Common Name Flagtail, Jungle Perch, Rockmountain Bass, Mountain Trout, Buffalo Bream

Local NameDamagan (Tagalog); Damagan (Cebuano)

Max Size:  45 cm (2.7 kgs)

Biodiversity: Freshwater, Brackish

DepthSurface  – 5 meters

Fishing Season:  All Year Long

Minimum Size LimitNone

Recommended Bait/Lures:  Shrimp, small fish, worms, other small crustaceans

IUCN Red List Status(LC) Least Concern

The Rock Flagtail are a somewhat rare species here in the Philippines generally found in clear fast flowing streams that feed into the sea.  Most Flagtail that can be found in these streams are generally small in size however this species can grow to an impressive size.  The many different common names of this species tell of its uniqueness.  This species is probably the most similar in terms of feeding pattern, location and size to western species like trout, smallmouth bass, and perch.  Because of this, Jungle Perch make a good target species for fly fishermen and ultra light tackle fishermen.

philippine record jungle perch

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Philippines Rod and Reel Record:

Angler:  Luigi Beja

Location:  Taguanao River, Mindanao

Date:  December 17, 2016

Weight:   2.1 kgs

Bait:  Lure

luigi-beja-2-1kg-flagtail

 

FTP Newsletter

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Have you enjoyed following our website?  Starting soon we will be adding a newsletter to our site which we will be emailing quarterly to anyone interested in additional infomation about fishing in the Philippines.  We plan to feature various fish species, fishing techniques and destinations around the country as well as add some additional tips and tricks. There will also be a brag board where we post photos from our followers from that quarter.

If you would like to receive the FTP (Fishing The Philippines) newsletter, please let us know via email at:

Benaiah.fogle@gmail.com

We welcome your comments suggestions and involvement in our website as we seek to promote sport fishing in the Philippines and teach the next generation how we can preserve and enjoy our waters and what’s in them!

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White Spotted Grouper ( Epinephelus coeruleopunctatus )

Epinephelus coeruleopunctatus

Common Name:  Grouper, Rockcod,

Local Name:  Lapu Lapu (Tagalog),  Pugapo (Cebuano)

Max Size:  76 cm 

Biodiversity: Marine, Reef Associated,

Depth2 – 65 m

Fishing Season:  All Year Long

Minimum Size Limit:    12 inches

Recommended Bait/Lures:  Shrimp, Squid, fish or cut bait;  jigs

IUCN Red List Status:   Not Evaluated (NE)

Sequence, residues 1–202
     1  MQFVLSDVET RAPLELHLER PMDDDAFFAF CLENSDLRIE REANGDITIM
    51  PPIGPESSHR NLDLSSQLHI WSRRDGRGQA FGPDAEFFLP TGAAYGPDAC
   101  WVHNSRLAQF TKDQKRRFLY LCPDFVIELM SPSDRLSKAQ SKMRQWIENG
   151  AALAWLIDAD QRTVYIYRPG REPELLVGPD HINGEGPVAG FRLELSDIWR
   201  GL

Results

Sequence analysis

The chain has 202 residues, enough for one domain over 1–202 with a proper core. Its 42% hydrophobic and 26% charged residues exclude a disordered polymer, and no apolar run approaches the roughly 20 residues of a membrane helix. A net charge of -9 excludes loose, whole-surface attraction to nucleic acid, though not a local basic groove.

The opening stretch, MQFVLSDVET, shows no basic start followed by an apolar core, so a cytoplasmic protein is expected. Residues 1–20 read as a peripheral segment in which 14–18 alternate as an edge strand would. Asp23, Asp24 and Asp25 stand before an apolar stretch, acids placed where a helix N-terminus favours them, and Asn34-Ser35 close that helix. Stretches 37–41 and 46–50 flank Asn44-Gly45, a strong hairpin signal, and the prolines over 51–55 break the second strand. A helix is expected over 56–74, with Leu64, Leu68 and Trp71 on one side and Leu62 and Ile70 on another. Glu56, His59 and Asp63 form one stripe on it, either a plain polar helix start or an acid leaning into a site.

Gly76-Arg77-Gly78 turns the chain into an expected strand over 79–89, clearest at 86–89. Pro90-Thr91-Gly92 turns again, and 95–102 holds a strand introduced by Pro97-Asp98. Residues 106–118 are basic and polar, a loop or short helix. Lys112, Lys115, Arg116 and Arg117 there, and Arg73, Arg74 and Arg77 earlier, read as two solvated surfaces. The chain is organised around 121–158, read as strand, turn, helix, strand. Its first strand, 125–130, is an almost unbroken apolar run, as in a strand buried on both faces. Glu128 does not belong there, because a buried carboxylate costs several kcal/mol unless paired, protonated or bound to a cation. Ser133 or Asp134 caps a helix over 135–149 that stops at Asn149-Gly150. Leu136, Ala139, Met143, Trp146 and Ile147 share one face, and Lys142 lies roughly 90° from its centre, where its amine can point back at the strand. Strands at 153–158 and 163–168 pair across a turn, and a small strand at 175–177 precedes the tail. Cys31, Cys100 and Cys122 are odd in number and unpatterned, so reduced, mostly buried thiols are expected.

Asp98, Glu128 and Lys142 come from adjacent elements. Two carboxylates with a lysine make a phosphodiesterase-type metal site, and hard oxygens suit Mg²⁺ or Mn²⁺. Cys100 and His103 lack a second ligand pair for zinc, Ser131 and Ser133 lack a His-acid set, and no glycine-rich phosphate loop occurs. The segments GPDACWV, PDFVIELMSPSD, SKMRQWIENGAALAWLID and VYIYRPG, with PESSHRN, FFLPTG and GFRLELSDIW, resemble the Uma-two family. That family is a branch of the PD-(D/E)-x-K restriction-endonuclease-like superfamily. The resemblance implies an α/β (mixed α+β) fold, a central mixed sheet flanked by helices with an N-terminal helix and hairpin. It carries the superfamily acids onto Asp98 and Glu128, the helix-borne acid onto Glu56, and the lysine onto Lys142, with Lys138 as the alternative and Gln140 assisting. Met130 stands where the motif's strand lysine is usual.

Dipolog City Fishing Ordinance

 

FTP would like to highlight progress in the country that is being made to protect the waters of the country as well as to promote sport fishing.  Dipolog City in Mindanao is making great progress in this area.  One such step forward was the passing a Barangay ordinance in the city’s central Barangay that established a 100 meter No Net Zone around the city’s breakwater.  The breakwater is one of Dipolog’s prime sport fishing destinations where anglers can catch many species of saltwater and brackish water fish.  Among these are the elusive Freshwater Snapper, known locally as Tandungan, Black Snapper, Mangrove Snapper, Rabbitfish, Tarpon along with many others.  The breakwater sits at the mouth of the Dipolog River and is under the jurisdiction of the city’s central barangay.

This ordinance was passed in 2006 while Angler and Tackle shop Owner Kenny Ong was the Barangay Captain.  The ordinance not only protects the anglers breakwater but also serves to minimize conflict between anglers and net fishermen.  Since its passing in 2006 this ordinance has been enforced and the breakwater has been protected against illegal net fishing within its 100 meter no net zone.  Because of this the Dipolog Breakwater has continued to be a prime sport fishing spot with the many Dipolog Anglers having caught prize fish since the establishment of the ordinance.

Steps like this are invaluable to the sport fishing community here in the Philippines as they help protect and promote healthy fishing practices.   FTP would like to see more anglers partner with LGUs around the country to implement and enforce initiatives like this one.  Hopefully in the near future anglers together with the LGUs can enforce such laws as the no electrofishing law in streams and rivers, as well as begin initiatives like a fish stocking programs to help increase the number of gamefish in rivers and lakes throughout the country.  We hope that this will be an inspiration to you and also remind you that you can make a difference.

Do you know of any similar ordinances or work that is going on in your area?  Let us know and we will highlight it and bring more awareness!

Below are attached copies of the documents for those interested in reading more on this:

no net ordinanceno net zone ordinance